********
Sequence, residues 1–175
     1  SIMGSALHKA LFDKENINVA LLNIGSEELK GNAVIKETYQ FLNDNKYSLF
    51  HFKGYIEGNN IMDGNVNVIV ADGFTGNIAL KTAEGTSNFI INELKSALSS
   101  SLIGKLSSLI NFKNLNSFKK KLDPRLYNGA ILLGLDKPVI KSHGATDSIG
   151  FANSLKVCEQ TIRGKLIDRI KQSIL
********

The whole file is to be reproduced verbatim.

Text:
Sequence, residues 1–175
     1  SIMGSALHKA LFDKENINVA LLNIGSEELK GNAVIKETYQ FLNDNKYSLF
    51  HFKGYIEGNN IMDGNVNVIV ADGFTGNIAL KTAEGTSNFI INELKSALSS
   101  SLIGKLSSLI NFKNLNSFKK KLDPRLYNGA ILLGLDKPVI KSHGATDSIG
   151  FANSLKVCEQ TIRGKLIDRI KQSIL